Many utility companies will pay you to implement energy conserving techniques. Some will even install a free smart thermostat so you can control the temperature remotely. That way you can save money and energy while you're at work, but turn the temperature down so your home has time to cool off before you walk in the door. Investing in an energy efficient air-conditioning unit can go a long way as well, as can simply keeping your filters clean. And don't discount the power of cold water. It will lower your body temperature whether you choose to drink it or pour it over your head.
Throwing a wedding may be expensive, but it's not cheap to be invited either. In 2014 Americans will spend an average of $592 on each wedding they attend, which is up a staggering 75% from just two years ago. Members of the bridal party spend even more, with estimates soaring well over $1,000. Since weddings are so momentous, it's easy for guests to get caught up in the spending frenzy, but keeping expenses in check is essential.
Set your own budget for attending weddings, based on what you can afford, not the number of invitations you receive. Make sure you prioritize events so you don't end up overspending or racking up credit card debt. Being able to attend the wedding may require skipping the bridal shower or bachelor party. If you have to travel for a wedding, coordinate with friends to share a vacation rental. It's a great way to save money while also catching up with old friends. Not to mention it can reduce food and alcohol spending by providing a great place for people to gather when wedding events aren't taking place. You might also want to consider using a service like Rent the Runway to avoid spending a lot on an outfit you know you will only wear once or twice.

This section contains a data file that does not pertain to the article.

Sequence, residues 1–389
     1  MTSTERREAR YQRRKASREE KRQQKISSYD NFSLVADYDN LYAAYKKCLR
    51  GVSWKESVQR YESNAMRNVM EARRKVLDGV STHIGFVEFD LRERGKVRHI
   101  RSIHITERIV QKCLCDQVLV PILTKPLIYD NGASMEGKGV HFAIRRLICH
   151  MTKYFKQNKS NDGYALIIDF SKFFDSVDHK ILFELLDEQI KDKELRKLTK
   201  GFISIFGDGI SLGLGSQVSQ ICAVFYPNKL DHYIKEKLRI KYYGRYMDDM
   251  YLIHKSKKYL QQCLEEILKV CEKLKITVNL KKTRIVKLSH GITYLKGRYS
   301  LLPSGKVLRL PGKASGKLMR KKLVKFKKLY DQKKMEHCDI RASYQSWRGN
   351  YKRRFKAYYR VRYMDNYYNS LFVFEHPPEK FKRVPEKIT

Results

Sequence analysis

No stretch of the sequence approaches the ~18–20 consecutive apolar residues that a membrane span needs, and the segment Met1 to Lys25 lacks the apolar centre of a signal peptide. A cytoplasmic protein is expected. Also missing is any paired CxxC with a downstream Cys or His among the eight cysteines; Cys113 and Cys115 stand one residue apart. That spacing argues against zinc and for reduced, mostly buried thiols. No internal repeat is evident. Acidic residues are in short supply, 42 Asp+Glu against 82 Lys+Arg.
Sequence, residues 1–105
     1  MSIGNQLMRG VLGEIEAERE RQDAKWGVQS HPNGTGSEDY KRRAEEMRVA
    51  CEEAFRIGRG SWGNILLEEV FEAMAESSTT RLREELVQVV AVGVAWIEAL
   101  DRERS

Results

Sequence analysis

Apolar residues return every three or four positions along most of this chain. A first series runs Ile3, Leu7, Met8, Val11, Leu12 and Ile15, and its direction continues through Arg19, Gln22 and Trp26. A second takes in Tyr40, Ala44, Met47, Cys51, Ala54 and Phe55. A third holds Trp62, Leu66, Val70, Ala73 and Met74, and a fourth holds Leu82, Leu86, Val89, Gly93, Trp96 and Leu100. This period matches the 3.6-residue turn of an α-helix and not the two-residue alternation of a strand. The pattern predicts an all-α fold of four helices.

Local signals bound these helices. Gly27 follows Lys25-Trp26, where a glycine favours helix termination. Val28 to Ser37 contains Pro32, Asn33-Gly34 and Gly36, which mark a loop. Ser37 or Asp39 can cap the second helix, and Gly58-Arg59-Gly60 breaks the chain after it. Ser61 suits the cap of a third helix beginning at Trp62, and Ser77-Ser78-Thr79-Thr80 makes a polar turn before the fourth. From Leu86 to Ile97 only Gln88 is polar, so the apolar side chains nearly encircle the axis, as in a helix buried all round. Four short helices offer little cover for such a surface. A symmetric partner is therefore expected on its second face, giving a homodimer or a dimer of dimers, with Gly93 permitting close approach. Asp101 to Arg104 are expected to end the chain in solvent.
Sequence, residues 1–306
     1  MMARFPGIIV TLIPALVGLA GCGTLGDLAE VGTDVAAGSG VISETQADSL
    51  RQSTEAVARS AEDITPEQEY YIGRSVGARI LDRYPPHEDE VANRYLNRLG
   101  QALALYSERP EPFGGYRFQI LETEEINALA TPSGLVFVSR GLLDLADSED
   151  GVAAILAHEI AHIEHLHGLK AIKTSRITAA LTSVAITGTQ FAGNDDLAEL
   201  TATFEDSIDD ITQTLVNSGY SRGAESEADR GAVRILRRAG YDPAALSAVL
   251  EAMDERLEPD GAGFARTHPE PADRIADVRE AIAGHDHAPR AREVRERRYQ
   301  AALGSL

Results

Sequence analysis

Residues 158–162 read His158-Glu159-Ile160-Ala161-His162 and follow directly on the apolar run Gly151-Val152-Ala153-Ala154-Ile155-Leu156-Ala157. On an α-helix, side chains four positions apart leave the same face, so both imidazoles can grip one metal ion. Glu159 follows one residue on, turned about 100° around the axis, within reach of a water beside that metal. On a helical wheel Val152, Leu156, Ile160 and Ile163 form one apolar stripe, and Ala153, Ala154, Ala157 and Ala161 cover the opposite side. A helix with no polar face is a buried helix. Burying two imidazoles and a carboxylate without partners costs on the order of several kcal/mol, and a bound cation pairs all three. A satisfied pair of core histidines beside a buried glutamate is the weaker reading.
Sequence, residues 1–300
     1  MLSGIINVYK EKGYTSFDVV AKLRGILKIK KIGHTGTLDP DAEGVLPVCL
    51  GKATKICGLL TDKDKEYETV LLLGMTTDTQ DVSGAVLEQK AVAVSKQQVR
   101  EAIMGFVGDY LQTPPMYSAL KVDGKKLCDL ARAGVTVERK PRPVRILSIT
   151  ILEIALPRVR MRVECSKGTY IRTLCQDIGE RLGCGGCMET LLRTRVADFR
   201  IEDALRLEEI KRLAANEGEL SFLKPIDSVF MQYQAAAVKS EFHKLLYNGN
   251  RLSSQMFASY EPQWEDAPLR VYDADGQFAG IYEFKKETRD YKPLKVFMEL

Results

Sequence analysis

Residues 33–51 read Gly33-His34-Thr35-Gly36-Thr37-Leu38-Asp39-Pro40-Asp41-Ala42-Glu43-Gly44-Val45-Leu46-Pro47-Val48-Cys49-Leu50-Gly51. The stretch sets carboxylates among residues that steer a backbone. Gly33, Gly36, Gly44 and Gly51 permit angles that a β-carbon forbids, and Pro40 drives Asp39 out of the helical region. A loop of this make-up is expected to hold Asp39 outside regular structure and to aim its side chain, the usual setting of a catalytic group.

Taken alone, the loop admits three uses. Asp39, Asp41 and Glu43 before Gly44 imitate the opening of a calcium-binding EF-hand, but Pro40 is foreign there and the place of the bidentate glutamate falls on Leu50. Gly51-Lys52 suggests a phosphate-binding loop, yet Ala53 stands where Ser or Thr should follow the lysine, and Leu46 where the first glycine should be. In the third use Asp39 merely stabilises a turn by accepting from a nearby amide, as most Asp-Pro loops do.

Taking care of your yard can be expensive, not to mention time consuming. The average annual spending on lawn care is $245, but according to the Bureau of Labor Statistics, lawns can eat up as much as $600 and 73 hours a year in lawn maintenance, including mowing, watering and weeding.
A recent survey from TheStreet found that 22% of summer home improvement projects involve landscaping or garden improvements. If you're planning an outdoor project this summer, make sure you plan for more than just the short-term cost. Estimate your current spending on lawn care as well as how the project will impact that amount. If you plan it well, updating your landscaping could actually save you money and time in the long run.
Entertaining the Kids
Keeping the kids entertained during the summer is big business, to the tune of $16.6 billion each year, according to a recent survey from American Express.
Americans are spending an average of $601 per child on summer activities. Day trips are the most common activity, though sports teams, educational activities, pool memberships and camps are also popular among parents and children.
Looking for free activities is an easy solution to overspending on summer entertainment for children. Many museums offer free or discounted children's activities, as do libraries and parks. If you send your children to day camp while you're working full time during the summer, make sure to keep track of how much you spend. Summer day camp can qualify for the child and dependent care tax credit, which can have a big impact on your total tax bill.
--Written by Lauren Lyons Cole for MainStreet